California courts continue to find ways to exercise personal jurisdiction over out-of-state defendants, even when there is little or no dispute that the Constitution and the United States Supreme Court’s opinion in Bristol-Meyers Squibb Co. v. Superior Court do not permit it.  “Resistance” is probably too strong a word, insofar as it calls up images of barricades in the streets or some other organized effort to thwart authority.  Or maybe it isn’t.  “Defiance” maybe?  We don’t know, but whatever you call it, there is an unmistakable inclination on the part of California’s courts—including in the now-reversed California Supreme Court opinion in the BMS case itself—to hold out-of-state defendants to answer, even to plaintiffs who have no connection with California either.

This all is a lead in to a second Petition for Certiorari from the Lipitor litigation to raise jurisdictional issues in the United States Supreme Court.  The issue is whether a defendant “forfeits” a perfectly valid personal jurisdiction defense by removing a case to federal court and actively litigating subject matter jurisdiction.  In a case of déjà vu all over again, Pfizer, Inc. v. Superior Court, No. 19-278, involves thousands of plaintiffs from all over the country who sued an out-of-state drug manufacturer in California state court alleging injuries in connection with a prescription drug.  (You can view the petition by going to the docket here and clicking on “petition.”)  Following a familiar playbook, the plaintiffs sought to avoid federal subject matter jurisdiction by dividing their action into multiple actions, each with fewer than one hundred plaintiffs.  They also made sure there was no complete diversity in any one complaint.  And, for good measure, they sued McKesson, which has been sued in California state court thousands of times for the sole reason that it used to have its principal place of business in California, but no longer does.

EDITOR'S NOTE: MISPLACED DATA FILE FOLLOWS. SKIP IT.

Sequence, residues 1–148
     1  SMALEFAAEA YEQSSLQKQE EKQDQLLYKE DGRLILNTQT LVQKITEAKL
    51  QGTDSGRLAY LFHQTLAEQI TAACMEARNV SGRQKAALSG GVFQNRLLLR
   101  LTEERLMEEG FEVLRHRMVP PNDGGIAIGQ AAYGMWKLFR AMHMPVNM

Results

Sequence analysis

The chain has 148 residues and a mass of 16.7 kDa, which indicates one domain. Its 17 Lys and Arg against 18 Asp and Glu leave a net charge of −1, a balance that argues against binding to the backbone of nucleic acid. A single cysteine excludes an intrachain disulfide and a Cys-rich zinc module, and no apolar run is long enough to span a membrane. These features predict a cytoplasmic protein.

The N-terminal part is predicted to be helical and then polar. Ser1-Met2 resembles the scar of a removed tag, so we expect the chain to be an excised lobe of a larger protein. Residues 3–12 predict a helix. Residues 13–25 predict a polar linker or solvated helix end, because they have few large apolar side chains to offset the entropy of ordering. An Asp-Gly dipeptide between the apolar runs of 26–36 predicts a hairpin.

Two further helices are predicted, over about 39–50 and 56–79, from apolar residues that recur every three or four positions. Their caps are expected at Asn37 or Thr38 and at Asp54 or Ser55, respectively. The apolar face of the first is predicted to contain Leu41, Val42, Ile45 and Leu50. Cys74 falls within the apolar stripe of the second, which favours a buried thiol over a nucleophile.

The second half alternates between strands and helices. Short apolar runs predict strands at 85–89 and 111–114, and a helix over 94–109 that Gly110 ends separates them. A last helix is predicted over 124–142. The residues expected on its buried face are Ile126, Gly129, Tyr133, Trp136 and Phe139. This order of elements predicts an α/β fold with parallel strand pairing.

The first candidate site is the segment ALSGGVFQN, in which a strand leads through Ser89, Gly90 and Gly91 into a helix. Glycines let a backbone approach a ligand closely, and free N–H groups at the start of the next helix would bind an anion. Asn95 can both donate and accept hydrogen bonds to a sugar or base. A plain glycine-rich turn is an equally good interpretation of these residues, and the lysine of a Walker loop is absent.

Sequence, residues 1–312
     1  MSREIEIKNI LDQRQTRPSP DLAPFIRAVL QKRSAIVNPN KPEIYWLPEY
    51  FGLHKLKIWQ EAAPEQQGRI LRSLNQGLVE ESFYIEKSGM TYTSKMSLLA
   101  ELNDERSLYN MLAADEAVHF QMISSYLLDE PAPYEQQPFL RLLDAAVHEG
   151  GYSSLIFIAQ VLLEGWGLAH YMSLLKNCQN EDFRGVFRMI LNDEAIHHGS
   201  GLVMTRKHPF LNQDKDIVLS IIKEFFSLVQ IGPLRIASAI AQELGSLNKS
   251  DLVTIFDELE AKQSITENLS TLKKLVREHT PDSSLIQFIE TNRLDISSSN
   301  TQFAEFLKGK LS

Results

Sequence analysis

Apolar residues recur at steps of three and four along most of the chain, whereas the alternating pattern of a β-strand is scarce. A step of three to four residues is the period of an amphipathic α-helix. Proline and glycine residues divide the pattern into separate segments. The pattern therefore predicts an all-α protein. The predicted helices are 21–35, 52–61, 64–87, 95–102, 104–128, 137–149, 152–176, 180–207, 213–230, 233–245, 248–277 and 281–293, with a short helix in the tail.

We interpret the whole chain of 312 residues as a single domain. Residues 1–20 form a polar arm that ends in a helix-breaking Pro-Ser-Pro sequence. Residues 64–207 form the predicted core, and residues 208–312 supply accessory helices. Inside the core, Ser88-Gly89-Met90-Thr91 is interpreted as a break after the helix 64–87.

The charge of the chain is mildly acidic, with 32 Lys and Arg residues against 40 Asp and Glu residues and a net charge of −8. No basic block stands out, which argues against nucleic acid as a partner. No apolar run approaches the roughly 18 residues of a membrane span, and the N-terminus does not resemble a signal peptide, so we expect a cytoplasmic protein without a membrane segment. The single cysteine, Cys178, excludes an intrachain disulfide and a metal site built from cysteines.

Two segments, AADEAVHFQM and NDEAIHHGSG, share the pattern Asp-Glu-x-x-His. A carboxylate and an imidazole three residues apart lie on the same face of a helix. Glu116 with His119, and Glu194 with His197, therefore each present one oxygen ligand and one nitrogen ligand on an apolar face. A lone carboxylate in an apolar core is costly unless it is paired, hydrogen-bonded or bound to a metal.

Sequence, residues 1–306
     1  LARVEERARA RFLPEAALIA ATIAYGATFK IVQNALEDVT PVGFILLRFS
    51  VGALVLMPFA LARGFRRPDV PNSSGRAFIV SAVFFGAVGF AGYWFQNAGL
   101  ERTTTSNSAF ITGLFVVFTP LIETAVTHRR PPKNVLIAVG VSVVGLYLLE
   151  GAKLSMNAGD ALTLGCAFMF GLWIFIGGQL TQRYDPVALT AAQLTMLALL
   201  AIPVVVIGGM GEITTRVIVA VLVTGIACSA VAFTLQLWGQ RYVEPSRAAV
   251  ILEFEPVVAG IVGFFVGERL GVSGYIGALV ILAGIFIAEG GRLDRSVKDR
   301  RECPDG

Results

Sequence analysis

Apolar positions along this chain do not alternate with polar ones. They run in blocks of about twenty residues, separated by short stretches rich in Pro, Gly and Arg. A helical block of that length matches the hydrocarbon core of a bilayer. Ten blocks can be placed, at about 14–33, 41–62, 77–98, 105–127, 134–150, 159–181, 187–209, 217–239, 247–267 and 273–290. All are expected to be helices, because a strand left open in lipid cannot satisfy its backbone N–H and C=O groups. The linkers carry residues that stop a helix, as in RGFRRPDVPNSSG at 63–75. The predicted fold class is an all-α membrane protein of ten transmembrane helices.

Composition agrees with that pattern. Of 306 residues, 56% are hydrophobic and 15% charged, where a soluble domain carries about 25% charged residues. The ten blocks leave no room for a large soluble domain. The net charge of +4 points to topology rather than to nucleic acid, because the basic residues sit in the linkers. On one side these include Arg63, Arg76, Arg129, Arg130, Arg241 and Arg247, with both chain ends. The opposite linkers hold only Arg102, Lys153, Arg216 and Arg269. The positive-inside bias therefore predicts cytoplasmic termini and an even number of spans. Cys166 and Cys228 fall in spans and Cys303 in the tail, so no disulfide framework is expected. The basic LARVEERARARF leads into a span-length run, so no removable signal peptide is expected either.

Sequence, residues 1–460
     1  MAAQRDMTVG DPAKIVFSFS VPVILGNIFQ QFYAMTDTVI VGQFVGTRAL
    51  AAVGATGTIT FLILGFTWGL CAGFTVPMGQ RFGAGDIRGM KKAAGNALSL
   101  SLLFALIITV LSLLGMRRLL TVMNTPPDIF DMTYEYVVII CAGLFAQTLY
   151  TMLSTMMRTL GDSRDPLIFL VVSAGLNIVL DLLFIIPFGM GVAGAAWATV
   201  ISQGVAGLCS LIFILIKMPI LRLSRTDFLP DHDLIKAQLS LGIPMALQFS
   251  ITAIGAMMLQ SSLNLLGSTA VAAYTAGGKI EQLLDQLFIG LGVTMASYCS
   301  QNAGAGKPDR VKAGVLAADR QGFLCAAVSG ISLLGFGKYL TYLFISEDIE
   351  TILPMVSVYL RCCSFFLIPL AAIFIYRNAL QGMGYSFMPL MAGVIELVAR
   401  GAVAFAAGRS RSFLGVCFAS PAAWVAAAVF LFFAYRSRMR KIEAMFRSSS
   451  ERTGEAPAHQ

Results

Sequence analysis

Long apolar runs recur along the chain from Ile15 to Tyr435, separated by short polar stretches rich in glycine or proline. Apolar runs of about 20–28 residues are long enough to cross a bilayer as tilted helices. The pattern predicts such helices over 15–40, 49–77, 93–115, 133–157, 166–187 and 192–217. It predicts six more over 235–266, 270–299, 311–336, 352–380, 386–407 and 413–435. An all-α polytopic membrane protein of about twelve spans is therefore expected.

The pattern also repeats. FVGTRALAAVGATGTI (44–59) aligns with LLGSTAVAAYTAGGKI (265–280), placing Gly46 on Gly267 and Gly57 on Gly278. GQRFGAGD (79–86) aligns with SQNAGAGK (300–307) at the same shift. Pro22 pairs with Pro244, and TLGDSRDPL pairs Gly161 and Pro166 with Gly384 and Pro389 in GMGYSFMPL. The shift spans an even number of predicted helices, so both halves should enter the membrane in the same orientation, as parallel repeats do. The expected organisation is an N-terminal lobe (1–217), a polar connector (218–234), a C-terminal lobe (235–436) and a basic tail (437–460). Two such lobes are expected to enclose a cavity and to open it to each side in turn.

This scenario raises multiple jurisdictional issues.  On the one hand, this action appears to be removable to federal court as a mass action under the Class Action Fairness Act, an issue of subject matter jurisdiction.  On the other hand, California courts undisputedly have no personal jurisdiction over a defendant that neither is “at home” in California nor has claim-related contacts with California.  In other words, the thousands of plaintiffs from outside California had no business suing a New York company in California state court.

So what is a defendant to do?  This defendant removed the case to federal court, and it preserved its objections to personal jurisdiction in Answers filed upon removal.  This was clearly the correct course to take:  Removing a case to federal court does not waive any Rule 12 defenses (including lack of personal jurisdiction), and Rule 12(h) allows a defendant to preserve a personal jurisdiction defense by including it in an answer.